Fuel cell technology proves value in hurricane relief efforts

Fuel cell technology proves value in hurricane relief efforts
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Congress, like most Americans, may not be fully aware of a growing energy source powering industry today, which explains why fuel cell technology isn’t being treated fairly. While it’s largely out of public view, it was one of the unsung heroes in this year’s hurricane disasters. 

When Hurricane Irma struck Florida in September, one of Walmart’s distribution centers lost its supply of electricity. Fortunately, its fleet of warehouse forklifts were powered by hydrogen fuel cells.


If these trucks had run on traditional lead-acid battery power, the generators would not have been able keep up with the needs, and the fleet would have quickly run out of power.


When Hurricane Harvey flooded the Houston area, outdoor hydrogen pads were submerged. Redundant safety features nevertheless kept hydrogen continuously running to forklift truck operations around the clock.

The ability of hydrogen fuel cells to withstand these natural disasters ensured that the delivery of food, water and other supplies could continue to those in need. 

This success builds on a growing record of fuel cells enhancing consumer’s resilience to natural disasters. Stationary fuel cells have powered data centers, manufacturers, hospitals and utility customers through everything from a magnitude 6.0 earthquake in California to Super Storm Sandy.

Following Sandy, more and more companies and cities have been utilizing fuel cells to power microgrids for critical infrastructure. The City of Hartford now powers an emergency shelter, supermarket and gas station in the center of the city with fuel cells.

Now, that the next time a storm knocks out the grid, the city can provide shelter, fuel and food to displaced residents.

What makes fuel cells so resilient and relatively immune to the power interruptions that come with major storms and natural disasters is the fact that they generate electricity on site. The zero-emission process yields only water, producing electricity without any air pollutants.

A major advantage over traditional lead-acid batteries is that they can refuel much faster and their efficiency allows them to run much longer between charge-ups. 

It’s important that Congress recognize the critical role that fuel cell technology plays in producing clean and reliable energy. Congress fumbled the ball in December 2015 by extending investment tax credits to solar energy companies until 2024, while letting incentives for fuel cells lapse.

This short-sighted policy decision has unfairly punished fuel cells which are proving their value today and may well revolutionize the way American power is generated in the future. At this point, it doesn’t matter how it happened, it matters how to fix it.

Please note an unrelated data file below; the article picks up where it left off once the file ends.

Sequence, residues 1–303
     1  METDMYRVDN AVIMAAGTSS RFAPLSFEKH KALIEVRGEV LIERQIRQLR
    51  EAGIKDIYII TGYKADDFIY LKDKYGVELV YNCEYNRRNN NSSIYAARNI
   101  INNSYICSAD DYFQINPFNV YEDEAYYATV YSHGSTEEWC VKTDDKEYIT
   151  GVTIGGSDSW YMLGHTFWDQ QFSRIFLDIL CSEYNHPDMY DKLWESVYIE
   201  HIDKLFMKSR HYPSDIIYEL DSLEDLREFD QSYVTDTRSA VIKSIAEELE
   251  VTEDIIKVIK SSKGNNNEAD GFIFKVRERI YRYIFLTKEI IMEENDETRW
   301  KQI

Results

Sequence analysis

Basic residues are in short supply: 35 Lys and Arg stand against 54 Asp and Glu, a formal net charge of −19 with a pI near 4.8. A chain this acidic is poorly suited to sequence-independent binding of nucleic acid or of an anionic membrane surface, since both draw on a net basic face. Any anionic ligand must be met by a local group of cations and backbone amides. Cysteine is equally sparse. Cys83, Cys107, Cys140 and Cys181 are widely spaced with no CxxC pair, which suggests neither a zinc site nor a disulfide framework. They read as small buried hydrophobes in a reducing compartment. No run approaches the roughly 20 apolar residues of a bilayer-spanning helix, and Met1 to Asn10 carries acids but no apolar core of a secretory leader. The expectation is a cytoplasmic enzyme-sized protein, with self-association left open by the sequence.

The time has come for Congress to place fuel cell technology on an equal footing with solar energy rather than arbitrarily picking winners and losers. 

The timing is crucial for this nascent energy source because China has made dominating the industry a priority in its five-year plan. While America is currently the world leader, China's government is subsidizing nearly half of the funding needed for its manufacturers to build their own fuel cell industry.

The recent hurricanes devastating Florida, Texas and Puerto Rico should also give Congress a sense of urgency. Fuel cell-powered networks have proven invaluable in backing up communications systems used by first responders and emergency call operators.

Local fuel cell networks mean that hospitals will have electrical power even when disaster strikes and that refrigeration for blood and medical supplies will continue uninterrupted. In times of national emergency, fuel cells must be there to assure that critical facilities can continue and that supplies of gasoline and clean drinking water will not be cut off.

Congress has an obligation to embrace this resilient and reliable energy technology and place it on equal footing with other energy sources as part of our effort to advance an all-of-the-above energy strategy that delivers more American-made energy. 

The House is working to fix this with legislation, led by Reps. Tom Reed (R-N.Y.) and Patrick Meehan (R-Pa.) that has over 116 co-sponsors. Now, the Senate needs to do the same in their tax reform legislation with Sen. Heller’s (R-Nev.) S.1409. We need to allow fuel cell energy to reach its full potential and help power America.

Ken Blackwell is former domestic policy advisor to the Trump transition team and a senior advisor to Securing America’s Future Energy (SAFE), an organization committed to reducing America's dependence on oil in order to improve U.S. national and economic security.